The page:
The real voyage of discovery consists not in seeking new landscapes, but in having new eyes. Marcel Proust
To clarify, I’m all for seeking new landscapes! Like April in Paris, this spring, where we’ve just booked a hotel a block from Notre Dame! In our everyday world, though, there are plenty of new discoveries to be made, if we would just look for them.
The forest is still criss-crossed with animal tracks. As the snow turned thin and slushy this week, the imprints stood out in greater detail. Tiny “handprints” of red squirrels were everywhere, as were the squirrels themselves. The warmth prompted me to carry along my binoculars and to pause from time to time. The repeated call of a barred owl came from afar, but it was mostly red squirrels that I saw.
One explored an ancient log pile, dark and damp, adorned with scattered piles of demolished pine cones. He moved with fluid energy among the logs, popping out first here, then there, to scold me. Later, another bravely stood his ground atop a stone wall. Only his haunches moved, quivering with indignation, and the shiny blackness of his eye stared me down. He looked fit and well-fed, the subtle gray and rust of his sleek fur elegant in the drab and cloudy light.
There’s green stuff out there, too. Not just trees, but much more, if you look closely. This small native plant, whose relatives once dominated primeval swamps, is very common. Somehow, it thrives in the northern forest, surviving months of ice and snow.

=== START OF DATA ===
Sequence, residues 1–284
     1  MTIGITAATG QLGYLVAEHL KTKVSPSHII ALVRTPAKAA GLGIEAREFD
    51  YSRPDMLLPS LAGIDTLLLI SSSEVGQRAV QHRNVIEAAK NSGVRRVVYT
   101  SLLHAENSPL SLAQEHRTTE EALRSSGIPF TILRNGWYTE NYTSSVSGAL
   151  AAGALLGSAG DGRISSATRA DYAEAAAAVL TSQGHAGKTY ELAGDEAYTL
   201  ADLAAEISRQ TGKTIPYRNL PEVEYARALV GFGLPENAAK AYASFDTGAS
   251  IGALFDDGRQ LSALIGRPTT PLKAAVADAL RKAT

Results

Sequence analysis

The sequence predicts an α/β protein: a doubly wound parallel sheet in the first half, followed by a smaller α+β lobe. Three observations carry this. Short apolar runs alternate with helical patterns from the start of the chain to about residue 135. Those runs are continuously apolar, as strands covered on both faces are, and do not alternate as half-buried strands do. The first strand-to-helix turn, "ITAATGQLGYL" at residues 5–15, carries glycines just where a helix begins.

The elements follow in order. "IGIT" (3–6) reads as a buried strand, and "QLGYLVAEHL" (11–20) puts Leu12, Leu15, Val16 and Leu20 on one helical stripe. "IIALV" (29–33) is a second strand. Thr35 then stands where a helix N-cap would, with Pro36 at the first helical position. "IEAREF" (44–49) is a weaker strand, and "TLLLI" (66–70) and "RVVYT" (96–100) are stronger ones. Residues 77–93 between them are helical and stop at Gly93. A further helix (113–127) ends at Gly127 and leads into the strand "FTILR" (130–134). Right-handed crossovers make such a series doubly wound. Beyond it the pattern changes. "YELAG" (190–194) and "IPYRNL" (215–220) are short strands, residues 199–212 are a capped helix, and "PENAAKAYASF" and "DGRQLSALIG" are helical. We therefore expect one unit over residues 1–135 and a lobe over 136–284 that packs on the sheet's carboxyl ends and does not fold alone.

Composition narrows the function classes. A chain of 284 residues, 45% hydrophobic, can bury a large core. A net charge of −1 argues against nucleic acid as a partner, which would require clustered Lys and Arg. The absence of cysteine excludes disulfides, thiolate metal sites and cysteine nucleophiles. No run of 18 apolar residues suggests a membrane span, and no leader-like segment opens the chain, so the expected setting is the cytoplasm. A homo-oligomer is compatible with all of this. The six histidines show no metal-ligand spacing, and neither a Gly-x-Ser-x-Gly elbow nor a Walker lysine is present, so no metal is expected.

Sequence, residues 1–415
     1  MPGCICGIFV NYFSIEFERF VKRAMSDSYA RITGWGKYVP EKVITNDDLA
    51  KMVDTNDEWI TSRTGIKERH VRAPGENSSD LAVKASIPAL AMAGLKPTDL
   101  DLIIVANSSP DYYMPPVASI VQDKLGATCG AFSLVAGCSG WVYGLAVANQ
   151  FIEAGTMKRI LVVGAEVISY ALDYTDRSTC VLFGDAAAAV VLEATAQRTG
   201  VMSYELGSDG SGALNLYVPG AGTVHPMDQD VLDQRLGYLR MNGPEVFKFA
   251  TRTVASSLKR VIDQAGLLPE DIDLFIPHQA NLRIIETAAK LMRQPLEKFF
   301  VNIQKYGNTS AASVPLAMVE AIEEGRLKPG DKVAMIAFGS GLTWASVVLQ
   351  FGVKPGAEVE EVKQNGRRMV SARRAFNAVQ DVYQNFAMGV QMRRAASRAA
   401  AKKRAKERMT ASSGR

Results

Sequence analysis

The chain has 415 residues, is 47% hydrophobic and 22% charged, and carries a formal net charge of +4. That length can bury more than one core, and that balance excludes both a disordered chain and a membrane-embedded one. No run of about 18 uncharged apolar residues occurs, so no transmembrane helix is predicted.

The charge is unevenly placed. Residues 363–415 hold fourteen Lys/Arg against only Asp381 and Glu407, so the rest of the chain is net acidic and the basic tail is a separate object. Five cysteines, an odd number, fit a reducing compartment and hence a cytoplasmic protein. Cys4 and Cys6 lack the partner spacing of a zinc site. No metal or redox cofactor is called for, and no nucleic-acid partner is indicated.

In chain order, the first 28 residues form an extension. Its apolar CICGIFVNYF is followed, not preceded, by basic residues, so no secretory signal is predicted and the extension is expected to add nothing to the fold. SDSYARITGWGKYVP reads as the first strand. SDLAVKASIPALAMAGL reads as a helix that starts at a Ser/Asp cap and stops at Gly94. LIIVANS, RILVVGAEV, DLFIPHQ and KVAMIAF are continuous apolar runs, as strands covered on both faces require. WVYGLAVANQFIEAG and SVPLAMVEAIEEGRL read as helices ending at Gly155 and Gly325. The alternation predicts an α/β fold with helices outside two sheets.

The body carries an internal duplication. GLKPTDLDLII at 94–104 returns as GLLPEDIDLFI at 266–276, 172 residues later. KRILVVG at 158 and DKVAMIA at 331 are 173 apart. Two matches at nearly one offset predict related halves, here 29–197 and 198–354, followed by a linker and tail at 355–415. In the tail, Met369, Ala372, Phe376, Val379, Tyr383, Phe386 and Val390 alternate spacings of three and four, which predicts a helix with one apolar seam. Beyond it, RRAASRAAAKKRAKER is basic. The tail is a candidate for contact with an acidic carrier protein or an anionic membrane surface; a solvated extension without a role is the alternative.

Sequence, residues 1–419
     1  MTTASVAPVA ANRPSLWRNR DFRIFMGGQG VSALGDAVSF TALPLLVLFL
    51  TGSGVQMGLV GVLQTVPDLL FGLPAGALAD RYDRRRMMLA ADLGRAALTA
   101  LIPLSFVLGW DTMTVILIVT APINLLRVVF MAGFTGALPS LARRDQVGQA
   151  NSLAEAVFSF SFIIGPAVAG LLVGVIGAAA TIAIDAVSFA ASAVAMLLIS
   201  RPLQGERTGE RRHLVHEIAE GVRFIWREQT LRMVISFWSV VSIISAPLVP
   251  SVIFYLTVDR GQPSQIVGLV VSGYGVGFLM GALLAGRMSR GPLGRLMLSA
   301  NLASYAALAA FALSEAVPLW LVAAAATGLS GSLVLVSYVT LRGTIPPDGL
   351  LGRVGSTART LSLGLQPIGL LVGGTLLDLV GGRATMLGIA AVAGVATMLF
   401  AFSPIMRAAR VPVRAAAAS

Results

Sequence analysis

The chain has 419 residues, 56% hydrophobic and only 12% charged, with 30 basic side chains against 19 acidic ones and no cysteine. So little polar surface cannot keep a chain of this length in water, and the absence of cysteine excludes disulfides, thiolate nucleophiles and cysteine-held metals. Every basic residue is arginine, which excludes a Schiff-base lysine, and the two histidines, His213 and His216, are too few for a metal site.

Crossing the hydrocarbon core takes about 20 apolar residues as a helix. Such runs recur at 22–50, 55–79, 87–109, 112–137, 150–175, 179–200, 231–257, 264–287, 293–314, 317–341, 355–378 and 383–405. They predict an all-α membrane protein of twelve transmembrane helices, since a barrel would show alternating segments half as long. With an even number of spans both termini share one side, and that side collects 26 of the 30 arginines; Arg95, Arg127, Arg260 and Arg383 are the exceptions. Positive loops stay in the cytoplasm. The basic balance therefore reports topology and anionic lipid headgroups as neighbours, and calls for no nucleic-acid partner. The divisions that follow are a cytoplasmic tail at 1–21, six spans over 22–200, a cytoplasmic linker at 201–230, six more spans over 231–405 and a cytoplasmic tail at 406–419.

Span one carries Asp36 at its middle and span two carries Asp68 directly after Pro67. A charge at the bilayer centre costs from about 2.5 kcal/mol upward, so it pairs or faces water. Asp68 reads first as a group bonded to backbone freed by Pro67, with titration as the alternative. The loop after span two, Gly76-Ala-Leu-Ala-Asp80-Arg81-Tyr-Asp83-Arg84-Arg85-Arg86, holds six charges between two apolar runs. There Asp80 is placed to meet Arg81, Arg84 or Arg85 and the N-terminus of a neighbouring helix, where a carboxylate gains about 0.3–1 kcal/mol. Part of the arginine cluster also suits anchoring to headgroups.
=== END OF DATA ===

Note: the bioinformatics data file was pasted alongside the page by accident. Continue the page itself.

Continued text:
Looking a bit like a miniature spruce and often called “running pine,” the club moss is neither a conifer nor a moss. Closely related to ferns, the club mosses are vascular plants, with “veins” of xylem and phloem. Their ancestors were once the most complex plants on Earth. In the Carboniferous period, 350 million years ago, club mosses well over 100 feet tall dominated the forest that was later transformed to vast deposits of coal.
This species, Lycopodium clavatum, is found in damp woodlands throughout North America. During the asexual part of its rather complex reproductive cycle, it produces spores, which are released from the plant’s erect, yellow-brown strobilus.
The spores are, for me, perhaps the most fascinating part of the story of the club moss. High in oil content, they are water resistant and flammable. Native tribes knew many medicinal uses for the spores, and, according to the Virginia Native Plant Society, medicine men tossed them on the fire during ceremonies to produce a flash of light.
In my reading, I found a host of other historical uses for the powdery spores, including flash photography, magician’s tricks, fingerprinting powder, fireworks, and treating rashes. Good incentive, perhaps, to try collecting some this year!